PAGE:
If you want to understand a society, take a good look at the drugs it uses. Except for pharmaceutical poison, there are essentially only two drugs that Western civilization tolerates: caffeine from Monday to Friday to energize you enough to make you a productive member of society, and alcohol from Friday to Monday to keep you too stupid to figure out the prison you are living in.
"Remember that man lives only in the present, in this fleeting instant; all the rest of his life is either past and gone, or not yet revealed.
Short, therefore, is man’s life, and narrow is the corner of the earth wherein he dwells. “
My father, who lived to 94, often said that the 80s had been one of the most enjoyable decades of his life. He felt, as I begin to feel, not a shrinking but an enlargement of mental life and perspective. One has had a long experience of life, not only one’s own life, but others’, too. One has seen triumphs and tragedies, booms and busts, revolutions and wars, great achievements and deep ambiguities, too. One has seen grand theories rise, only to be toppled by stubborn facts. One is more conscious of transience and, perhaps, of beauty. At 80, one can take a long view and have a vivid, lived sense of history not possible at an earlier age. I can imagine, feel in my bones, what a century is like, which I could not do when I was 40 or 60. I do not think of old age as an ever grimmer time that one must somehow endure and make the best of, but as a time of leisure and freedom, freed from the factitious urgencies of earlier days, free to explore whatever I wish, and to bind the thoughts and feelings of a lifetime together.
Absolutely beautiful meditation by legendary neurologist Oliver Sacks, who turns 80 today, on the joy of growing old.
Before you speak to me about your religion, first show it to me in how you treat other people; before you tell me how much you love your God, show me in how much you love all His children; before you preach to me of your passion for your faith, teach me about it through your compassion for your neighbors. In the end, I’m not as interested in what you have to tell or sell as I am in how you choose to live and give.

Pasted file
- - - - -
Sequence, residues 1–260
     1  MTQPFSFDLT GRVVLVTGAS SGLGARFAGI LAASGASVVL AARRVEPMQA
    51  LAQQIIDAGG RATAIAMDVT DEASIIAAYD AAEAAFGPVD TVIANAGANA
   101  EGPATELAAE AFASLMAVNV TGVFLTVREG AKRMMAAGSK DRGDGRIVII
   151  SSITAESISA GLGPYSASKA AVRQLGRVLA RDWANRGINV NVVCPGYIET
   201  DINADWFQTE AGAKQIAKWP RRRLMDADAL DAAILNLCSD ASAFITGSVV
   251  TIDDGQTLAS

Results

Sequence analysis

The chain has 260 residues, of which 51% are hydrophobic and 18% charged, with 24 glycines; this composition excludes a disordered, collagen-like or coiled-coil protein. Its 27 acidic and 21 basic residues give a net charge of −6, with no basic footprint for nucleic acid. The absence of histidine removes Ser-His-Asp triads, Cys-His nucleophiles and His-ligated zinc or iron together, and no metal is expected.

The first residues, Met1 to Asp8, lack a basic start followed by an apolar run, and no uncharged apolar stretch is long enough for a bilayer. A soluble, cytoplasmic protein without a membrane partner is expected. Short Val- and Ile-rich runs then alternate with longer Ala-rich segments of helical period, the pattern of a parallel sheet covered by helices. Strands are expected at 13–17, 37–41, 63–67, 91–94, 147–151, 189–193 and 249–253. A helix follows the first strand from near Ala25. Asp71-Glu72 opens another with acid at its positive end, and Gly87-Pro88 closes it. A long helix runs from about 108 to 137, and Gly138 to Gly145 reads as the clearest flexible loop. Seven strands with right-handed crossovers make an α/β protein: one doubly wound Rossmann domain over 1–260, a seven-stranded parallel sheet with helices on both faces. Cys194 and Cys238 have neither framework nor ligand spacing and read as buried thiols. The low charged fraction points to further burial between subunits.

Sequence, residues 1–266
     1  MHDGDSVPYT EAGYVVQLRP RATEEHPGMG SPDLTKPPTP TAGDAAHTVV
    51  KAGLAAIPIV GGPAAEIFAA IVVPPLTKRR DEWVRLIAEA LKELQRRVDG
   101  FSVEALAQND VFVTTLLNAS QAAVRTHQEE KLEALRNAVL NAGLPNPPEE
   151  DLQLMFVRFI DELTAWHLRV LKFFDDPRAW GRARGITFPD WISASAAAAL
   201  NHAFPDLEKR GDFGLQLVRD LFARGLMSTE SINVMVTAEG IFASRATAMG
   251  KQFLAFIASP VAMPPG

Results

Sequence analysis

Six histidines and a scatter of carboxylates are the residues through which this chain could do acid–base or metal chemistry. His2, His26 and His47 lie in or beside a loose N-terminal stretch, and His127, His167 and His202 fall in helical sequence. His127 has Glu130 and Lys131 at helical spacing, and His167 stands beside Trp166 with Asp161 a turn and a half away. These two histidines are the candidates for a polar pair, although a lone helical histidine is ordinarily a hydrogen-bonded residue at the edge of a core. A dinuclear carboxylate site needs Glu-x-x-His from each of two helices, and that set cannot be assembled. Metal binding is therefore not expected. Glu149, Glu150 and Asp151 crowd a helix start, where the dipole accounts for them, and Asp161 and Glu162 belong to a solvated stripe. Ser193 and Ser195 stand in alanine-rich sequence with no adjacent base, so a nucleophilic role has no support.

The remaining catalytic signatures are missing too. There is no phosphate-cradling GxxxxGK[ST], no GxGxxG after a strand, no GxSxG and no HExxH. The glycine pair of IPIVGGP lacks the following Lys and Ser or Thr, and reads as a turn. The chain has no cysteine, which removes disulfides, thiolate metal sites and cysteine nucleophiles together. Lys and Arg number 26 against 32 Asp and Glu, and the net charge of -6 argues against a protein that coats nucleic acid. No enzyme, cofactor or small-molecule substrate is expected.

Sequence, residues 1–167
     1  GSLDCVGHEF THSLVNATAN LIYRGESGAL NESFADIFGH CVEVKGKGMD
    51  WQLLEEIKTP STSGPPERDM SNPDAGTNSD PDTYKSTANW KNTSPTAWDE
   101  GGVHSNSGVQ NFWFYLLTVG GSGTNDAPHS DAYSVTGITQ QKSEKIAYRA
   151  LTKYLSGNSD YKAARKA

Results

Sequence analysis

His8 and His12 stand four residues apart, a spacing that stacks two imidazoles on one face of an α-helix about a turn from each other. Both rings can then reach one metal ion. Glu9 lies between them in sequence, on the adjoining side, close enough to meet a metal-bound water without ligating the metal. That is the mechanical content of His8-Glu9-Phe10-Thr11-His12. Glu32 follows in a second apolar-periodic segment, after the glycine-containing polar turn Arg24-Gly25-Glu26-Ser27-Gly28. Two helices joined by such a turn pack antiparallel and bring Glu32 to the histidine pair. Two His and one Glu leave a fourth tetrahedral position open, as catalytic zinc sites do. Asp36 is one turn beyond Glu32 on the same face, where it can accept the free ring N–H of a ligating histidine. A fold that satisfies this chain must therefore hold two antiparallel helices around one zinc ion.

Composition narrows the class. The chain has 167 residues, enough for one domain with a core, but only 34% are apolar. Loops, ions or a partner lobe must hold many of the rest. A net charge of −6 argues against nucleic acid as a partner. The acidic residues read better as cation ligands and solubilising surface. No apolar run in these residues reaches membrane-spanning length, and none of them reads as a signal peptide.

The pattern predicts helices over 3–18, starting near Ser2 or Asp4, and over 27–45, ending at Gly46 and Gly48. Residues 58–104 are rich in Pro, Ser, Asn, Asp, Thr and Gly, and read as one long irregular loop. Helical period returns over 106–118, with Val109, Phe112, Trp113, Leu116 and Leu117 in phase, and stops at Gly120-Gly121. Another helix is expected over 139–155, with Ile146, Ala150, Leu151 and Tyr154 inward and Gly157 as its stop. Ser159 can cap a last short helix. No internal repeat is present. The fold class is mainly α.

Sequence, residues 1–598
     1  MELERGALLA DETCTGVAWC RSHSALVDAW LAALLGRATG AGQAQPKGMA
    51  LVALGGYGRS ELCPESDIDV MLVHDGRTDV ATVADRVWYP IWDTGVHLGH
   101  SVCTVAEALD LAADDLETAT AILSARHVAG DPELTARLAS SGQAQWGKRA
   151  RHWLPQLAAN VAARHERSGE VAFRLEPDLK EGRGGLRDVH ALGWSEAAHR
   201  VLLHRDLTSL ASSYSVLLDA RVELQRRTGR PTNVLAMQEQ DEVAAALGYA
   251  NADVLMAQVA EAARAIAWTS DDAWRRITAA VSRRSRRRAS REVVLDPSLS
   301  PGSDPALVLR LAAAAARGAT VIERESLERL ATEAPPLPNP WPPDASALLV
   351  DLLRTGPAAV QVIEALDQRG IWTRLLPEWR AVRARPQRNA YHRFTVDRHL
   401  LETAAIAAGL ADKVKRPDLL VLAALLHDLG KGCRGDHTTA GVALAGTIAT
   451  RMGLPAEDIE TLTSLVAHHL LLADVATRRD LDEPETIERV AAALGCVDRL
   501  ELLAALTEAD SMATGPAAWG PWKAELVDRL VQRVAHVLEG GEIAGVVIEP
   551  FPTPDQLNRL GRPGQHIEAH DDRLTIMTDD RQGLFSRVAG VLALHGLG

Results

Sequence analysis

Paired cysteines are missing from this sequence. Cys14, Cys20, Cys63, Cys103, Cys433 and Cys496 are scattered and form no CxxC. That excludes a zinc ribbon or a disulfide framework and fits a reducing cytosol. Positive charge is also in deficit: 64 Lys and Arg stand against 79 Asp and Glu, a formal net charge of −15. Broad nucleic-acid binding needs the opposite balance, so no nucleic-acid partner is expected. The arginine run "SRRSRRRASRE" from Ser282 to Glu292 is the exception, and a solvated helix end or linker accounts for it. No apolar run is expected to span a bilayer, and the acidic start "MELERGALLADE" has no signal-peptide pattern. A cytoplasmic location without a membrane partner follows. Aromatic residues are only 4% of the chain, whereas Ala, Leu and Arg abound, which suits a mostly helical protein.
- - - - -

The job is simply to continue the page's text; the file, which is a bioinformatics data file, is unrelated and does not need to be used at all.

I find it extremely impossible not to cry when I hear Stevie Nicks’s “Landslide,” especially the lyric: “I’ve been afraid of changing, because I’ve built my life around you.” I think a good test to see if a human is actually a robot/android/cylon is to have them listen to this song lyric and study their reaction. If they don’t cry, you should stab them in the heart. You will find a fusebox.
Give up defining yourself - to yourself or to others. You won’t die. You will come to life. And don’t be concerned with how others define you. When they define you, they are limiting themselves, so it’s their problem. Whenever you interact with people, don’t be there primarily as a function or a role, but as the field of conscious presence. You can only lose something that you have, but you cannot lose something that you are.
The girl dreams she is dangerously ill. Suddenly birds come out of her skin and cover her completely … swarms of gnats obscure the sun, the moon, and all the stars except one. That one star falls upon the dreamer.
"To accept one’s past – one’s history – is not the same thing as drowning in it; it is learning how to use it. An invented past can never be used; it cracks and crumbles under the pressures of life like clay in a season of drought.” ― James Baldwin